The top players in the corporate game know that for them to succeed, they need to nail the challenges that the workplace of the future will bring.
For leaders, policymakers, and employees, the future will bring shifts that’ll cause uncertainty and will most likely result in companies needing to rebrand their core values and technologies.
Let’s have a look at the major changes that we can expect the new decade to present to the table:
1. Distributed Teams
Here’s an indisputable fact: distributed teams are here to stay.
The Future Of Work report by Upwork revealed that by 2028, 73% of companies will function on distributed teams.
This ridiculously high percentage can be attributed to the skill shortage need that companies are trying to fill.
With the advent of the new age Gen Zers and millennials into the workforce, flexibility of work is a high priority demand. The great talents of the new workforce are no longer getting lured by higher pay. Quality of life and work flexibility has gained higher precedence for them.
The best argument for distributed teams was perhaps phrased in the book Rework where the authors stated that companies: “don’t need everyone physically together to create a strong culture since the best cultures derive from actions people actually take.”
Distributed teams will bring in more productivity and better business outcomes. Research reveals, distributed team members can save up to $ 7,000 a year and companies up to $ 11,000. These savings are accounted for by various factors such as transportation, childcare, food, etc.
However, with these new trends comes new complications. Distributed teams will bring forth hurdles such as:
- Engaging an “out-of-touch” team.
- Timezone mismatches.
- Establishing trust and communication channels is hard.
Companies should be aware of the implementation and strategies of managing distributed teams, to truly thrive in the workplace of the future.
2. Changing Role Of HR
HR roles of the future will be dictated by the onslaught of technology and AI. The HR personnel of the future will have to prepare themselves for moving beyond their present skills and abilities.
The future of work will demand a redefined version of it. HR personnel will face pressure to prepare themselves as well as the workforce for the coming developments.
This means that HR professionals will need to re-learn the new technology and the issues surrounding them. Additionally, employees will turn to HR with questions like, “What skills are going to be relevant in the future?”, “Is my job safe from the adaptation of workplace automation?”. Whatever the next decade holds, you can be sure that HR will be the first to feel the impact of it.
Reportedly, HRs will be behind the major driving force of employee engagement, according to KPMG. The HR department will focus on achieving a better employee experience and additionally shift towards a data-driven workplace.
3. The Age Of The Machines
Debates have been going on about how machines will affect the future workplace. Though one thing everyone can agree on. It is inevitable. AI will operate to change the nature of the work itself. Machines will be able to carry out all the tasks that humans do, sometimes going beyond normal expectations.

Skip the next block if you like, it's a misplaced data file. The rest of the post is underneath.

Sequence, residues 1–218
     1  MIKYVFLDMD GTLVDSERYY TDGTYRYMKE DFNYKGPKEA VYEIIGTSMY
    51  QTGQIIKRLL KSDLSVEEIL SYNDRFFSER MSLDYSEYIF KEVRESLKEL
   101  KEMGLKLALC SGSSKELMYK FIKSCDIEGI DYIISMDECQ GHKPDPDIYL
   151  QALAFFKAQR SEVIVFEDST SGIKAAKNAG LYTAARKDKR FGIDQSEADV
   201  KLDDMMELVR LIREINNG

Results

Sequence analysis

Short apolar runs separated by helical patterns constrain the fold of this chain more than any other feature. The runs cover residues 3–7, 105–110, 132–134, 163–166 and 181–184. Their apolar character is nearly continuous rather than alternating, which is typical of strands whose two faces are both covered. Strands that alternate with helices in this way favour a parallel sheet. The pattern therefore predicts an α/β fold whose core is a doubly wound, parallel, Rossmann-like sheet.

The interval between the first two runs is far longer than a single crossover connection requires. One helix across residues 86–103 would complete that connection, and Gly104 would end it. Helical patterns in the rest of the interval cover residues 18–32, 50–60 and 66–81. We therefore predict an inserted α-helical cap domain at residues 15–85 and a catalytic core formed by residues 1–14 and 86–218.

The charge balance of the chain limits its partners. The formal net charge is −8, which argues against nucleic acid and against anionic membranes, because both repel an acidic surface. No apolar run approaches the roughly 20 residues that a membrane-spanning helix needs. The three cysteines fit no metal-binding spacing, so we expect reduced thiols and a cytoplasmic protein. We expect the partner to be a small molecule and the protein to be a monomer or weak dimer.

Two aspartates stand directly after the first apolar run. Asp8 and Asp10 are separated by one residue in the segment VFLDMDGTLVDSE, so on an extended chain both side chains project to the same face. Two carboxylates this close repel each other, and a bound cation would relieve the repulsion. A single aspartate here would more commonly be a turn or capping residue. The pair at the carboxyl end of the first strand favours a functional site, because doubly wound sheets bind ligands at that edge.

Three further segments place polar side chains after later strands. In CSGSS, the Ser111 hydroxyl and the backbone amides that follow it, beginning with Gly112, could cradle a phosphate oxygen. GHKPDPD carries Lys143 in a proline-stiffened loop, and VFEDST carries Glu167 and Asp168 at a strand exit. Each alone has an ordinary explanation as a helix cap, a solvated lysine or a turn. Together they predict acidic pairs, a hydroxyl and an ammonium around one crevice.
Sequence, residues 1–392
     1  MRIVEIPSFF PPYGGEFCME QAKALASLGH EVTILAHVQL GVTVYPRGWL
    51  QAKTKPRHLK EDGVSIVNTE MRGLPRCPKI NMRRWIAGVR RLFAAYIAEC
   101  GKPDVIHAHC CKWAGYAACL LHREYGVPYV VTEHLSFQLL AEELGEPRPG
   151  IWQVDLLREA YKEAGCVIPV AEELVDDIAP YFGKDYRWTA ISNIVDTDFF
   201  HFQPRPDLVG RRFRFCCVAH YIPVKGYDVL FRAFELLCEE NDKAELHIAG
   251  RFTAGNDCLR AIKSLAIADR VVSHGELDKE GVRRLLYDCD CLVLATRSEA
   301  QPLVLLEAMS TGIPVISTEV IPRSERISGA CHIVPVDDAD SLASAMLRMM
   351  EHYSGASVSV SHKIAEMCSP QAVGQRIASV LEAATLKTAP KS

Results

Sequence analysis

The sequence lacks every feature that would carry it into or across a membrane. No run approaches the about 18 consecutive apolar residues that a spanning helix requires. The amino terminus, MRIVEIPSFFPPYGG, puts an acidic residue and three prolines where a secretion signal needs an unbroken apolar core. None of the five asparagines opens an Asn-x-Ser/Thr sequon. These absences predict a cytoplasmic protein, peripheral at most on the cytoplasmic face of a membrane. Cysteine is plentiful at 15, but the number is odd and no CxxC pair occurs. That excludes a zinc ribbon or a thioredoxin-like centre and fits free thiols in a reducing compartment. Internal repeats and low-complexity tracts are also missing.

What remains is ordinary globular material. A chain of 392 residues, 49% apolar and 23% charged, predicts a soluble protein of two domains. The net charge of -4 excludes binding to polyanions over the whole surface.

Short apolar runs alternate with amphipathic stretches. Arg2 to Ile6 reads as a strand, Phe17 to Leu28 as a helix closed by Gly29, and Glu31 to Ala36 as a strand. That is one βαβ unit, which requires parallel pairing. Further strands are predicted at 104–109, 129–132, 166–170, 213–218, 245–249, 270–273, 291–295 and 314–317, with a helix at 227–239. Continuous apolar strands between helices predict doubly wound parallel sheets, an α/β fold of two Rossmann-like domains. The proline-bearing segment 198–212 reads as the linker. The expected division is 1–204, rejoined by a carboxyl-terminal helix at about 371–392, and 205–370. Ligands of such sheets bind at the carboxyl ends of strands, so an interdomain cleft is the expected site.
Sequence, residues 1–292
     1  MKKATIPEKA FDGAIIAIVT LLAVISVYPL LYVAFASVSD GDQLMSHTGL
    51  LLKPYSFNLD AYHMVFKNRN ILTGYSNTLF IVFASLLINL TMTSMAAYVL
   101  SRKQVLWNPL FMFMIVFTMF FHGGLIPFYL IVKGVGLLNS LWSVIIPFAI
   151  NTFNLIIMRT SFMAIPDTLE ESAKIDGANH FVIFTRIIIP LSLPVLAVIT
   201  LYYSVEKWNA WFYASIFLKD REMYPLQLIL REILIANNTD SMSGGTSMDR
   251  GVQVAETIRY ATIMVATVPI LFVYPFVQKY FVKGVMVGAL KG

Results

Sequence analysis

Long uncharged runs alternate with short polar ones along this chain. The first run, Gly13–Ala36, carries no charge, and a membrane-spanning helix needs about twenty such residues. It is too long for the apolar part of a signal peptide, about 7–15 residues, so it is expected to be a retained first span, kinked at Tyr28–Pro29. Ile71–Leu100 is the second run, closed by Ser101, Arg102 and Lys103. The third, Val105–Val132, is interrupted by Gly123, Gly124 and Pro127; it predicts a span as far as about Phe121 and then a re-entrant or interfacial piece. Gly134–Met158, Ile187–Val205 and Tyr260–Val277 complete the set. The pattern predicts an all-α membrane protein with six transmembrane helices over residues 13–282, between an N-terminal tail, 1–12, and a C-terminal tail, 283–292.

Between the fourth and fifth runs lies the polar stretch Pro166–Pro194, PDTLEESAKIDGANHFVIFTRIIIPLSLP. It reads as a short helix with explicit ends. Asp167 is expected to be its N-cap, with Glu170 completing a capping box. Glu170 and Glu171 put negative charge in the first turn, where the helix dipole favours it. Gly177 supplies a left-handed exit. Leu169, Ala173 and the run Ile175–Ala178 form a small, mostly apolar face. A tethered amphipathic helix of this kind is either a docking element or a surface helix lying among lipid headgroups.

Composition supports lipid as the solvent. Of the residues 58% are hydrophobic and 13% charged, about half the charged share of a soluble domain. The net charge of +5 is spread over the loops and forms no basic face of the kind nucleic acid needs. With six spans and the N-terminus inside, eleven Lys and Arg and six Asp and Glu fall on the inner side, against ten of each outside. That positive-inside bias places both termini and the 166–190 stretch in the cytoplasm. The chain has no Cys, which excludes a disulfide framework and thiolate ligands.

According to McKinsey Global Institute, around 15 percent of the global workers could be displaced by automation in the period 2016-2030. As a result, some forms of jobs will grow obsolete while a different (and technically oriented) set of skills will be in demand.
This will call for transitions to new roles and jobs. Companies will face the challenges in these aspects when the impact of automation makes itself know:
- Particular skill sets (mainly technical) will become more expensive. Expertise in data science and machine learning will see an unprecedented hike in wages due to its demand and skill shortage.
- Training managers and supervisors to get on board with managing humans and machines will be non-negotiable.
- With the skill shortage gap high, hiring will get more exclusive and more laborious in general.
- Synchronizing future technologies to the already existing processes and systems; while making sure that both complement each other.
4. Employee Experience Will Gain Precedence
Despite common misconceptions, compensation is not the primary reason employees leave. The experience that employees have at their workplaces is continuously becoming more vital.
The workplace of the future will see a drastic way in which people work. The rising trend of remote working and flexibility will ensure that employees don’t even need to come into the office. For them, the workplace could be their home or a coffee shop.
For companies to create an employee experience that makes people want to stick out longer, the traditional methods like improving the office environment are not going to work. You need to dig deeper than that.
For a holistic employee experience, companies need to embrace it, understand it and make necessary investments. The long term future plan would use AI and machine learning to create a more personalized employee experience. Companies will need to leverage future technologies to formulate an experience that makes people want to do their best work.
With a better employee experience, even remote workers will feel engaged and excited about working for your company. So, unless you plan to re-plan your employee experience initiatives for the future, you will come face-to-face with an alarming rate of employee turnover.
These abovementioned disruptions will prove harmful only if not acknowledged. With proper measures and initiatives, the future of work will be no different from when the industrial revolution took place or when early humans made the first stone tools.